Sipporah then walked to the left, and I to the right, each pouring the contents of a flask in a circle around the lion and the tree. We met and passed each other on the far side of the consecrated plot of ground and continued walking in a circle until we met again at the original spot. The holy ground was thus consecrated with water and wine. Then taking the remaining bread which I had brought from the tavern, I broke it and gave half to Sipporah. Each of us then broke it again, eating half of what was in our hands and feeding the ground with the other half.
“Let this be a covenant of peace between us and this hallowed place—blood for blood to satisfy the law; bread for bread to unify us in a new covenant. O great Creator of heaven and earth, forgive Your people, whom You have redeemed, and do not reckon the guilt of innocent blood in our midst.” 30
The tree clapped its hands as the breath of God blew through it. Much is spoken in this world, sometimes using words, but not all language is verbal or tonal. Much that is spoken in nature can be perceived only by little-known senses.
Trees speak a silent tongue from the heart that expresses emotion with motion. “I am healed,” the oak said wordlessly. “I am healed.” Its words were few, but weighty and twice spoken. Trees are moved by the breath of God, and when they speak, all would do well to listen.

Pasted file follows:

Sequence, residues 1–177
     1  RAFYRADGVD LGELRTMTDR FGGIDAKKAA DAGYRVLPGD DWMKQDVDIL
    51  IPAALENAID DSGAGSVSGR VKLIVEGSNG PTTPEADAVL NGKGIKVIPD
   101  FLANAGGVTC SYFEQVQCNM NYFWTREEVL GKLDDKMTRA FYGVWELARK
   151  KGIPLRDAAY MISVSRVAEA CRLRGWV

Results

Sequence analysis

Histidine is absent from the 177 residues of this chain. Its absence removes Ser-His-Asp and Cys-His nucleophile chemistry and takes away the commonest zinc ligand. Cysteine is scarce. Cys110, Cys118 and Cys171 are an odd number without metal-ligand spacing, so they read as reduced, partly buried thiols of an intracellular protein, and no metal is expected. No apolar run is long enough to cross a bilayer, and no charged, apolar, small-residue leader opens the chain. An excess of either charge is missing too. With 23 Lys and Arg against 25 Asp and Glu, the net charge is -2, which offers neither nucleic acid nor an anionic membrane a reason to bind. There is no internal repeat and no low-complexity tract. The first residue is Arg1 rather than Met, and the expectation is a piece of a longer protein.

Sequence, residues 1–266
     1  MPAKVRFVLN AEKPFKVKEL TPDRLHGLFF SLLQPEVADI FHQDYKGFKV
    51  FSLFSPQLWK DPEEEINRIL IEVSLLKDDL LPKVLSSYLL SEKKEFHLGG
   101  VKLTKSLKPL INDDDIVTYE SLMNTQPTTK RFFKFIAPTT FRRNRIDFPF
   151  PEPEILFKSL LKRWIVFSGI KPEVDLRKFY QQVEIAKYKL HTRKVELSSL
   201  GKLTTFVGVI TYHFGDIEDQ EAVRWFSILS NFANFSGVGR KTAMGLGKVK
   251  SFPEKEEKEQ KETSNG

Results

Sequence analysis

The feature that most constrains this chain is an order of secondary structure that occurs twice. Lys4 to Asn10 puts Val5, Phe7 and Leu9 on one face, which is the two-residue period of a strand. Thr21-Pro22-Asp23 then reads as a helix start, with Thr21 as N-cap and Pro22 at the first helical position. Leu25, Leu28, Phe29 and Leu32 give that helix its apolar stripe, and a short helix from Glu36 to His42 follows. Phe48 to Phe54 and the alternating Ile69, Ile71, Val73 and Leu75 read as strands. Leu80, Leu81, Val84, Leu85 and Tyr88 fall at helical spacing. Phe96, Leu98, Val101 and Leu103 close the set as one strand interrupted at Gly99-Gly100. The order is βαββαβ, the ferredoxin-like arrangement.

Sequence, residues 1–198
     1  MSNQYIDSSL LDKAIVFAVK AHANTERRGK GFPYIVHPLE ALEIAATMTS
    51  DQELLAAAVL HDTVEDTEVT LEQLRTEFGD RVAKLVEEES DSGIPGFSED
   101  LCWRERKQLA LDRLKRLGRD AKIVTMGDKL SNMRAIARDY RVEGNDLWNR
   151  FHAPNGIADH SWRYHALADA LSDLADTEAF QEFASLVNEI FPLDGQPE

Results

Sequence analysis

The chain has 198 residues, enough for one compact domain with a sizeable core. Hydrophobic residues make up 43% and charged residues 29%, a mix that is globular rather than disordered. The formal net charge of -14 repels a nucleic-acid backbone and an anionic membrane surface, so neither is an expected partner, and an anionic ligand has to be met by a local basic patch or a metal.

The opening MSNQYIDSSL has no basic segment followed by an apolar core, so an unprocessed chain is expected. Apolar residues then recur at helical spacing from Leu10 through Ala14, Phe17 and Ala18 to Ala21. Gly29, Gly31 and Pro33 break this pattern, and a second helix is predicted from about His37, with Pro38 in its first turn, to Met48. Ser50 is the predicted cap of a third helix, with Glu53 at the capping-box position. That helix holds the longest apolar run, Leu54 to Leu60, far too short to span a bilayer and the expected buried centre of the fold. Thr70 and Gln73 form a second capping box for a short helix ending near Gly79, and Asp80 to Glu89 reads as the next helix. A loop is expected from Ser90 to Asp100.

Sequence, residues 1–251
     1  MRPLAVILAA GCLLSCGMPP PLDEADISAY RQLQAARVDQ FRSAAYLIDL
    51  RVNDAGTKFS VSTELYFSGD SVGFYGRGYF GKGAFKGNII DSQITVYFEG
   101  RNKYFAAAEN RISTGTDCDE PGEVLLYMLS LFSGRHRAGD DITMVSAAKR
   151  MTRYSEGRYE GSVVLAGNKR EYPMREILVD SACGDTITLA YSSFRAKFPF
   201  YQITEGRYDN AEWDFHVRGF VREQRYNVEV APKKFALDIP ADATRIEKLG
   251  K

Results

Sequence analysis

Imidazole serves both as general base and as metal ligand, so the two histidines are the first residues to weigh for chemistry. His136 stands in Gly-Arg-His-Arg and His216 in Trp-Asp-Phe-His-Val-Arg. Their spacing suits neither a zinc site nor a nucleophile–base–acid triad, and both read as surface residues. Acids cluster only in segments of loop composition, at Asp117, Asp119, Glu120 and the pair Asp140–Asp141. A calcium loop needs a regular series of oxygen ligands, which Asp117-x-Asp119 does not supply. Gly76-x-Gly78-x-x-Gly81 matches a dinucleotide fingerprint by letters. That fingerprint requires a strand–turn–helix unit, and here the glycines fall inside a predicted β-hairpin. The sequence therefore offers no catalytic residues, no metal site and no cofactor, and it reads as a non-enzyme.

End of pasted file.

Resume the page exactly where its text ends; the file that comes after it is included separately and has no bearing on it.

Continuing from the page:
“Thank-you and Shalom,” the bee said. “We may now begin to cleanse all things in preparation for deliverance and restoration.”
We returned to the main road, and we turned our faces toward Zorah. “I must return to my house,” Dogma said, preparing to part from us. “Perhaps we will meet again soon.”
“I am confident that we will, my friend,” I replied thoughtfully. “Shalom!”
Dogma trotted west, and we turned east toward the ridge that loomed above us. As we climbed the hill, we could see the Philistine town of Sorek on our right, through which the brook flowed, as it wound its way from distant hills toward the plain. The road soon curved to the left toward Zorah, and soon we reached the top of the ridge.
But then we stepped suddenly through the veil of time, and a tingling sensation rippled softly through our bodies.
“We have passed many days in just a moment,” I commented.
“But we are at the same location,” Pegasus added.
“I hear a donkey cart approaching,” Pleiades said.